Menopausal symptoms like hot flashes and vaginal dryness can be reduced with soy isoflavones in foods, supplements, and some herbal remedies.
"Hot flashes, night sweats, and vaginal dryness are very common symptoms of menopause, affecting up to 80 percent of menopausal women," said senior author Dr. Taulant Muka of Erasmus University Medical Center in Rotterdam, The Netherlands.
‘Phytoestrogens are found in soy and red clover that mimic the activity of estrogen and help reduce early postmenopausal symptoms in women.
"Many women in Western countries try herbs or other products from plants to manage these symptoms," said Muka, but these "natural" products may not necessarily be useful or safe.
"Our results simply indicate that some plant-based therapies, such as soy and red clover, can be beneficial in reducing menopausal symptoms, but some others not (e.g. black cohosh and Chinese medicinal herbs)," said Muka.
Data were collected from 62 randomized controlled trials of plant-based alternative therapies and their effects on hot flashes, night sweats, and vaginal dryness. Out of 62 reviews, 36 addressed phytoestrogens - estrogenlike molecules from plants such as soy or red clover, 16 tested black cohosh and 10 tested other medicinal herbs.
The trials totally included more than 6,600 women between the ages of 18 and 75 years. The participants were followed for between four weeks and two years.
Phytoestrogens are associated with fewer hot flashes during the day and less vaginal dryness. However, it did not influence night sweats.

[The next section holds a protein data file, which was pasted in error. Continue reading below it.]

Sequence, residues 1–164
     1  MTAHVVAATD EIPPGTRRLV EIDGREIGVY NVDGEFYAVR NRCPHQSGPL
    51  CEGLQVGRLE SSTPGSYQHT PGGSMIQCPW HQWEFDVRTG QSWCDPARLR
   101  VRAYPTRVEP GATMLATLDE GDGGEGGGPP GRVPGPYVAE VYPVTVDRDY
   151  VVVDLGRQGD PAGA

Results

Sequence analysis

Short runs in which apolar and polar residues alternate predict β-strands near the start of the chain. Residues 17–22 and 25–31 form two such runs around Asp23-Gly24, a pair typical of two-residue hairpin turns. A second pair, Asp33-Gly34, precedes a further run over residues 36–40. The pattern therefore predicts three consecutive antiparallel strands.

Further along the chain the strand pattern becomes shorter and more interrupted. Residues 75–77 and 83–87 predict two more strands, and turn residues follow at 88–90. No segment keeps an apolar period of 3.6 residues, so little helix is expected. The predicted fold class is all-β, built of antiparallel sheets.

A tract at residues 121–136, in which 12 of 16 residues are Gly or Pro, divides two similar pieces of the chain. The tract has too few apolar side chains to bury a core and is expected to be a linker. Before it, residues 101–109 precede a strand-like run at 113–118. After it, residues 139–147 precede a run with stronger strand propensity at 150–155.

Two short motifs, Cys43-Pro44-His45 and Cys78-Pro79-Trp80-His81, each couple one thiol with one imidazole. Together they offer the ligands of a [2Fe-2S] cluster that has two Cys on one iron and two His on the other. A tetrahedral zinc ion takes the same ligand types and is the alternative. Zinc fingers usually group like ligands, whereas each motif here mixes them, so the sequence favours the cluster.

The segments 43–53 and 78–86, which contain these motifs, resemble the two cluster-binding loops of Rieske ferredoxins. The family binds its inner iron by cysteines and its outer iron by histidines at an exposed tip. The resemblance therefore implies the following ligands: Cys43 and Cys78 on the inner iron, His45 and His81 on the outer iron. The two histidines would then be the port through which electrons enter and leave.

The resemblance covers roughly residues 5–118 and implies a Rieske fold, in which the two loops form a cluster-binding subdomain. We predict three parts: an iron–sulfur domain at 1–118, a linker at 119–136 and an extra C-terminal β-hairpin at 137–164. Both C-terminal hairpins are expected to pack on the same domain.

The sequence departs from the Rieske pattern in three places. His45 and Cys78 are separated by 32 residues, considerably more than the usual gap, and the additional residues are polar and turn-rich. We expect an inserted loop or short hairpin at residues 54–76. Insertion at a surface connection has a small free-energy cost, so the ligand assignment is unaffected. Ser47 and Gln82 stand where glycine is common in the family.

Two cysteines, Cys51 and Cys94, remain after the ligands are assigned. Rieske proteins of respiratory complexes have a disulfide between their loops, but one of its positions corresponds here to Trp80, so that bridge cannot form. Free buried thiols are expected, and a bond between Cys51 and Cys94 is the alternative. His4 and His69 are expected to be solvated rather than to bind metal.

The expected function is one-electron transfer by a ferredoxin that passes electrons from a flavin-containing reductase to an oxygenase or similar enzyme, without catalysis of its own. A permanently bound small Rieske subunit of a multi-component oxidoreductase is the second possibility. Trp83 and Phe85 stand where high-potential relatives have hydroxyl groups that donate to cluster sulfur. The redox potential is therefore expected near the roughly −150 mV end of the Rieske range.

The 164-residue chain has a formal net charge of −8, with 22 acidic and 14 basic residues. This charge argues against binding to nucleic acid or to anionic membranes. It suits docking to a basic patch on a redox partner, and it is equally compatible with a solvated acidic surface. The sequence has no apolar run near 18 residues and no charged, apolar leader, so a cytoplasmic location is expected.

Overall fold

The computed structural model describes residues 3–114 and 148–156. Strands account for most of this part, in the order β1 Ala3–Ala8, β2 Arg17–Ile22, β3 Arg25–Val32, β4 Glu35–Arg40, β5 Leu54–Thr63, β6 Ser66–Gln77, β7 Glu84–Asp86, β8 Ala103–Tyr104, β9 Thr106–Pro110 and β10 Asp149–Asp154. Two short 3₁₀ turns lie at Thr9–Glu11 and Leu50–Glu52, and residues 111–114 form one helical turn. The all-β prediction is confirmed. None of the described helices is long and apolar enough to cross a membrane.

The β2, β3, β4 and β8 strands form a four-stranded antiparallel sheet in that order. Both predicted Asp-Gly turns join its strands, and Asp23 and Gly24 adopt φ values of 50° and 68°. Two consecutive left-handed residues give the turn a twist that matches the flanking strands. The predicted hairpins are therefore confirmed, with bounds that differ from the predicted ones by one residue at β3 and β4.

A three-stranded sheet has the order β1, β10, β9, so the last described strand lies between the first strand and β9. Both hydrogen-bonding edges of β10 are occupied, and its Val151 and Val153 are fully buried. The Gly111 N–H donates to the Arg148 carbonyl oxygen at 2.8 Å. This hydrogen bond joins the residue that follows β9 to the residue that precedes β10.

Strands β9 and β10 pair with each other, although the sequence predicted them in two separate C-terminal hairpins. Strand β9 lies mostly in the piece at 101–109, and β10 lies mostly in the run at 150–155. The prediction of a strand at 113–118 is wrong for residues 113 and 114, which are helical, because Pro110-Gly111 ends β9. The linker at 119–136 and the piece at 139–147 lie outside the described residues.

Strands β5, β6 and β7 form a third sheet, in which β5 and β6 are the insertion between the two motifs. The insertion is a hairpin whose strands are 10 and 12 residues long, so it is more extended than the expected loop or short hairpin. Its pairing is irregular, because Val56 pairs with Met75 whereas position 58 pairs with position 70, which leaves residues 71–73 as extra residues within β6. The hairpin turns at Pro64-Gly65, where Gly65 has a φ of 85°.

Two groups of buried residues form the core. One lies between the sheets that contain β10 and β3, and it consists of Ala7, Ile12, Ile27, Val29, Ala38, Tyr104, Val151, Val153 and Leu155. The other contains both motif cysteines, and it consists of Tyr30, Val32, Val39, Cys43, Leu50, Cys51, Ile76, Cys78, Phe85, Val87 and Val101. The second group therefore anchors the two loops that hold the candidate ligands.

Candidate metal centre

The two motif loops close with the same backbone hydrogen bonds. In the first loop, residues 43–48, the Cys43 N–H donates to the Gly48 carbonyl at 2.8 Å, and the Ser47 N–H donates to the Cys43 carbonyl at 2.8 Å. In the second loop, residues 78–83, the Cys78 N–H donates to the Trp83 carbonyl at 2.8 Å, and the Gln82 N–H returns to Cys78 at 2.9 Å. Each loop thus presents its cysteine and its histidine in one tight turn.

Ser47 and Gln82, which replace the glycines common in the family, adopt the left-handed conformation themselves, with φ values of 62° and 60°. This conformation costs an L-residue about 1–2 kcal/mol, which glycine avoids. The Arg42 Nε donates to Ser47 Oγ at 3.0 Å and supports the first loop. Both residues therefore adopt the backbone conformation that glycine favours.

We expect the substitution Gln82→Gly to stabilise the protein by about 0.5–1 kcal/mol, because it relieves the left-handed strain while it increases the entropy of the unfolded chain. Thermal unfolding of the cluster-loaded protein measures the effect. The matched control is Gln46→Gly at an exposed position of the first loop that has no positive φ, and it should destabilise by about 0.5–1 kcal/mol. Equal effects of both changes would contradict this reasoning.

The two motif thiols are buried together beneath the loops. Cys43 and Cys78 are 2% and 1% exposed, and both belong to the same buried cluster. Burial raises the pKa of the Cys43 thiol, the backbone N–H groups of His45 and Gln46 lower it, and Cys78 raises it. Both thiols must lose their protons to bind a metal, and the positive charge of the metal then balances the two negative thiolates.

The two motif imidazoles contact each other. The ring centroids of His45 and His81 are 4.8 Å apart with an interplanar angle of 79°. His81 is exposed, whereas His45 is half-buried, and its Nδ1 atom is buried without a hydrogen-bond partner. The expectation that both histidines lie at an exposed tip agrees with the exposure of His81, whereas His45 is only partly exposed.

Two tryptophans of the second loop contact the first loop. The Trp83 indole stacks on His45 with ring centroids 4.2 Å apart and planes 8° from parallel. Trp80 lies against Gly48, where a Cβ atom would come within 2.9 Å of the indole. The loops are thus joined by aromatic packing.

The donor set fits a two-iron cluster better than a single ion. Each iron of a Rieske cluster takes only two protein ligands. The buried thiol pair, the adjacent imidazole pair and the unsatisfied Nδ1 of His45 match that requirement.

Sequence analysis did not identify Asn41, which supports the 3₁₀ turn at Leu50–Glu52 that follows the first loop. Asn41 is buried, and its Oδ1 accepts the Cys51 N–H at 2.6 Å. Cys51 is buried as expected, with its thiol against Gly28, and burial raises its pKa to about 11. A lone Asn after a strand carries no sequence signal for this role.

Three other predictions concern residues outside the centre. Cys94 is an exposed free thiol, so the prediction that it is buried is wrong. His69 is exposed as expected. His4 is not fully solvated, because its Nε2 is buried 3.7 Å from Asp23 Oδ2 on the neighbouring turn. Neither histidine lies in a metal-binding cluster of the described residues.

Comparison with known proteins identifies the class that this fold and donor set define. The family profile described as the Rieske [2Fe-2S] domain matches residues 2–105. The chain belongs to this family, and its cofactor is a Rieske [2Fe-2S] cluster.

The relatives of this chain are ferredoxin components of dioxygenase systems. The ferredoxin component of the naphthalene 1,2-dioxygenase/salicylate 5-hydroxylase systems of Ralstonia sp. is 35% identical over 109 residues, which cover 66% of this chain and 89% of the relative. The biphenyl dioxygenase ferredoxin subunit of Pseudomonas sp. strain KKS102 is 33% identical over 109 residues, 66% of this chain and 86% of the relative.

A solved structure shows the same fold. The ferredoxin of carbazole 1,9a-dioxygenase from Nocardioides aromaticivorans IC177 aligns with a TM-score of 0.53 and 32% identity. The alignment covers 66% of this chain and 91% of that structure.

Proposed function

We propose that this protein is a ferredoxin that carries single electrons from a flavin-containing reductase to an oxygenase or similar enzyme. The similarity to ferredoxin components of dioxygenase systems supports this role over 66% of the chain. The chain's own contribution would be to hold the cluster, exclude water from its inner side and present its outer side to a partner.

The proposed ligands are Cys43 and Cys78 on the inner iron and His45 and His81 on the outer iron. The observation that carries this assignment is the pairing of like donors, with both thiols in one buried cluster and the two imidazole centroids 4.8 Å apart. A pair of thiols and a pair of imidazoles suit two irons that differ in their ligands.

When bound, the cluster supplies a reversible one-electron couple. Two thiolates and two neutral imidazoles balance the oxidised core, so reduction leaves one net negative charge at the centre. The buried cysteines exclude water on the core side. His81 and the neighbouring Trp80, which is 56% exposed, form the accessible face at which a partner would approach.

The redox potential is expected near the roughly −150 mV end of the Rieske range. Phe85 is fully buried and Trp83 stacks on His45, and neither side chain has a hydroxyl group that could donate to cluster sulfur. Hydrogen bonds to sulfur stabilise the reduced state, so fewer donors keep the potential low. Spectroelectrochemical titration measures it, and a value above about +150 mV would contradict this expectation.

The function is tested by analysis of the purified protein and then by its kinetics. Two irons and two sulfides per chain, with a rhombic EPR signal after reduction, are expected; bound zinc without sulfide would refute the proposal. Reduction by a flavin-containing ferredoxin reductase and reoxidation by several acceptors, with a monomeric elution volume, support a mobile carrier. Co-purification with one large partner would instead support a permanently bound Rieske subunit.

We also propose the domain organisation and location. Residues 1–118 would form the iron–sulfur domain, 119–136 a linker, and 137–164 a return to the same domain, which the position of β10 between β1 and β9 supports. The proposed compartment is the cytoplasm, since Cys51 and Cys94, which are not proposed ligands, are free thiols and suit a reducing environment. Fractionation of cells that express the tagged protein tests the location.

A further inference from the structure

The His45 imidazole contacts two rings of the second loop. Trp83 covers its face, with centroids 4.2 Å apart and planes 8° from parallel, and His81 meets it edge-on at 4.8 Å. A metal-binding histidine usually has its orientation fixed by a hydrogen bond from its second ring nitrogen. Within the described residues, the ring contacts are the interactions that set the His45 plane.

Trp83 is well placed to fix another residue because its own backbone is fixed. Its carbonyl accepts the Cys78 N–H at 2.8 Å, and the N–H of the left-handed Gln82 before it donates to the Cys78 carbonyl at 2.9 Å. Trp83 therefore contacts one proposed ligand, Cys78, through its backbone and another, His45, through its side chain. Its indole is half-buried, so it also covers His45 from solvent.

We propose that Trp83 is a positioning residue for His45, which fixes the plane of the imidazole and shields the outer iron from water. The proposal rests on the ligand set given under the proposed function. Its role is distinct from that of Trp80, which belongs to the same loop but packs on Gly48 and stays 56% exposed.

Some clinical trials linked black cohosh to lessen the overall symptoms of menopause score but not specifically to fewer hot flashes or night sweats. Chinese medicinal herbs did not reduce the menopausal symptoms.
Hormonal replacement therapy is effective for menopausal symptoms in the early postmenopause, said Muka. But, it may not be an option for women at increased risk of breast cancer.
Phytoestrogens in soy can act like estrogen in the body. "This may explain the aggregate beneficial effects on menopausal symptoms we found for phytoestrogens," said Muka.
"The long-term efficacy and safety of these plant-based therapies is unclear, however, and healthy lifestyle changes form the backbone for easing the discomfort related to menopausal symptoms and keeping you healthy in the long run," he said.
A physician should be consulted before taking them as they may have some medication interactions. "There is little evidence for long-term effectiveness - or risks - of plant-based therapies, since most studies only last 12 to 16 weeks," he said.
The study is published in JAMA.